The next dog was more troubling. Another stray, 4-5 year old Lab mix, maybe Lab/Pointer, who was very stressed and showed little interest in hanging with humans. There was nothing overtly impossible about him, but his lack of affiliative behavior makes him a poor candidate to be someone’s companion. We couldn’t get him to offer any behaviors for treats – he was too stressed to work for food. The strong scent of cow manure emanating from the dried dirt on his ear suggested perhaps a country dog who hadn’t ever had a close relationship with his people. His fear-response to certain quick hand and arm movements also suggested that whatever relationship he did have wasn’t always a nice one. We had to lure him with chicken to be able to put the slip-lead over his head, and even then he was very cautious and suspicious of our intentions. He passed his assessment too, as there was nothing overtly dangerous about him, but his adoption prospects are poor. He needs a very experienced owner who is willing to take the time to help him learn to trust people, and he may never be the normal, outgoing dog that most people are looking for.
Our final assessment was a deep dark chocolate-colored very high-energy 9-week-old Lab mix pup with a low tolerance for frustration. He had affiliative behavior in spades – in fact a little too much – probably a good candidate for separation issues if not handled properly. He reminded me of a dampened down version of Brooklyn, the pup I blogged about a few weeks ago, that Katie Ervin fostered, then adopted. This little guy didn’t show the fierce snarling and snapping that Brooklyn did when restrained, but his intensity and demanding behaviors spelled potential trouble. He persistently jumped up, trying to get in laps, and offered the endearing behavior of pulling himself up into your lap by pressing his head against your arm. In fact it surprised me when he showed no resource guarding behavior with the food bowl. My expectations were met, however when he growled fiercely at the fake hand that tried to take away his pig ear.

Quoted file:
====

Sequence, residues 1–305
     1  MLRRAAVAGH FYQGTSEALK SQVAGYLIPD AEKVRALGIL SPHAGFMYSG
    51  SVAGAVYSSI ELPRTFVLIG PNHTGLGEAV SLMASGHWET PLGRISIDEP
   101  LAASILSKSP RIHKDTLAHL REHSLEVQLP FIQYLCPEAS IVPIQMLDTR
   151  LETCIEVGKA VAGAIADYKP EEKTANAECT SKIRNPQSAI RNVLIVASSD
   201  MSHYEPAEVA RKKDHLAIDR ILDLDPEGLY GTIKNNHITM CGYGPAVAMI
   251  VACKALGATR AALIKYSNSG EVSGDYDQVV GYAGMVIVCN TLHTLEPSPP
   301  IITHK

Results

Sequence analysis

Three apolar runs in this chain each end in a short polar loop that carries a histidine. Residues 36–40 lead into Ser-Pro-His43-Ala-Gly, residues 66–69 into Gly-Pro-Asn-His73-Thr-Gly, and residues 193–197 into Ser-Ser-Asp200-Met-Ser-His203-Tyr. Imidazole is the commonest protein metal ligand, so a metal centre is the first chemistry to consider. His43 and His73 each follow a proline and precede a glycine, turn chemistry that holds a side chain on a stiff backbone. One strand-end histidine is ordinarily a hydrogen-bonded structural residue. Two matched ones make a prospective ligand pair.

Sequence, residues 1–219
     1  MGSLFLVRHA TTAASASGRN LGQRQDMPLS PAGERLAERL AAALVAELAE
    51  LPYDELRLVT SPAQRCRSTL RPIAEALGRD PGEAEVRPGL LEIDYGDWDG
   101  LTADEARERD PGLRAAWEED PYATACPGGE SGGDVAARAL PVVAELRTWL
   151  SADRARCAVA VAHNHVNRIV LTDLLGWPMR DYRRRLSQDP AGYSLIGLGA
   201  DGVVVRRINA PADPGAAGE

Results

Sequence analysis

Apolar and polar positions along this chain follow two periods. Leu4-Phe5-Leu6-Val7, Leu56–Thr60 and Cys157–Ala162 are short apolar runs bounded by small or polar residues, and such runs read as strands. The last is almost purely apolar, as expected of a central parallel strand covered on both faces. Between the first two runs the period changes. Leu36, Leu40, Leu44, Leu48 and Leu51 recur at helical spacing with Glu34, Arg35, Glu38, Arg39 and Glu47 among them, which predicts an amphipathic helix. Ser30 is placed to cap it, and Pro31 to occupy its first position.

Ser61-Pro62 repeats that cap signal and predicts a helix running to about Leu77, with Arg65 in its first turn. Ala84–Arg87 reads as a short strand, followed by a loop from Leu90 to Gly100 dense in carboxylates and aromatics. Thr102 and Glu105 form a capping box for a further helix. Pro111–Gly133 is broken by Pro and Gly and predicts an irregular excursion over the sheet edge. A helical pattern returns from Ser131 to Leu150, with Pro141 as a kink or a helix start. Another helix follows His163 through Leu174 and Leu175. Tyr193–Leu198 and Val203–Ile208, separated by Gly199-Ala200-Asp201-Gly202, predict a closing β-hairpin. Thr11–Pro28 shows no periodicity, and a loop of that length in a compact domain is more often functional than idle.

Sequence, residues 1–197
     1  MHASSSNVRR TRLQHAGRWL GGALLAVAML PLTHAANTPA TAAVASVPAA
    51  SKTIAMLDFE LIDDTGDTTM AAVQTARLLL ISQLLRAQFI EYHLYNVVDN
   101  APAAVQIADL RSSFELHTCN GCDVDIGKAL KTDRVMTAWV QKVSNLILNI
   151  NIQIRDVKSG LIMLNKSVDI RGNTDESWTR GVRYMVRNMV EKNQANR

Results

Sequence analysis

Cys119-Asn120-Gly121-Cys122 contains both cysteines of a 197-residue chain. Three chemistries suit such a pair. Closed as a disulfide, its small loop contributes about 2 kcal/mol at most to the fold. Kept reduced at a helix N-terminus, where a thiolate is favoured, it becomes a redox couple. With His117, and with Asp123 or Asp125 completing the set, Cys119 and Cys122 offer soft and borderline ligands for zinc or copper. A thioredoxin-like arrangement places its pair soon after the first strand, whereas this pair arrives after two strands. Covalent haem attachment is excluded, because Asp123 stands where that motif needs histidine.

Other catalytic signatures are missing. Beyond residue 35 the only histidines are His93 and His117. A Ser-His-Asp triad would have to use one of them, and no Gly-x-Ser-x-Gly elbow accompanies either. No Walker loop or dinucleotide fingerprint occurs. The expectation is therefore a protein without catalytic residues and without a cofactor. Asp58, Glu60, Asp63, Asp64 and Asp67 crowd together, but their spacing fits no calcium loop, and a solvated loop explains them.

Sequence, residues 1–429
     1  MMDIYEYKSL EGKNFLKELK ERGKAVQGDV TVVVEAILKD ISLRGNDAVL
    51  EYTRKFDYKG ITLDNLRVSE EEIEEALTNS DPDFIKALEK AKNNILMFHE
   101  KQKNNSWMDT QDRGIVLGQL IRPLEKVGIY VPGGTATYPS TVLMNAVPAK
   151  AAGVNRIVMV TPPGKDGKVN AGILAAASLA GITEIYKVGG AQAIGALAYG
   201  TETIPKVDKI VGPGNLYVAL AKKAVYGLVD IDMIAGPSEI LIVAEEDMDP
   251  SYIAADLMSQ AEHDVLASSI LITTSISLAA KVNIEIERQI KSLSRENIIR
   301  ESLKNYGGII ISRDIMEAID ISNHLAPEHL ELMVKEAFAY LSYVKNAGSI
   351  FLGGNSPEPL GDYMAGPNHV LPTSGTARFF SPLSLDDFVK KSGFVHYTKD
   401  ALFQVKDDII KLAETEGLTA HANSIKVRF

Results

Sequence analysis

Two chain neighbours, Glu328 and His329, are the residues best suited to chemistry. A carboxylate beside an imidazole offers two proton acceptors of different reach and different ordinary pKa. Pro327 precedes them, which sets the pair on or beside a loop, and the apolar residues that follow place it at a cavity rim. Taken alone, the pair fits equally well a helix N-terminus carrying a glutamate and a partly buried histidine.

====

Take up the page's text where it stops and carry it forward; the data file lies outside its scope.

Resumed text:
Once upon a time, that behavior would have earned him an immediate “no adopt.” Resource guarding display is such a dramatic behavior that it’s an easy “rule-out” when you’re making difficult decisions. However, some time ago our shelter revised their assessment guidelines and came up with a clearly spelled-out description of what guarding behaviors allowed for adoption and what didn’t. Because the pup didn’t actually grab the hand, he fell into the “adoptable to a very experienced home with no children” category. Saved, by the skin of his teeth. In fact, if he’s still around, he may be a guest her for the week of May 10th, which is our upcoming Level 2 Behavior Modification Academy. His prospects are better because of his young age, but he still needs a very committed, experienced owner – someone like Katie – to help him work through his inappropriate behaviors.
It’s hard sometimes – seeing how humans have damaged their dogs, and seeing dogs who have potential for recovery if just the right home could be found. There just aren’t enough “right homes” out there. Most truly experienced homes aren’t eager to take on an adult dog like the Lab we assessed who will be a major project. We all want reasonably easy dogs!
Here’s a follow-up on our Level 1 Academy dogs… last I heard, O’Malley, Lance and Curly had been adopted; Blizzard and Bean had applications; and Sweet Pea, Charlie and Taz were still available.
I’m off to Wisconsin tomorrow for a seminar, and to visit my teen years stomping grounds. If you’re coming to the seminar, be sure to come up and say hi!
And, of course, it’s still spring here at Peaceable Paws…
Warm Woofs and Happy Training!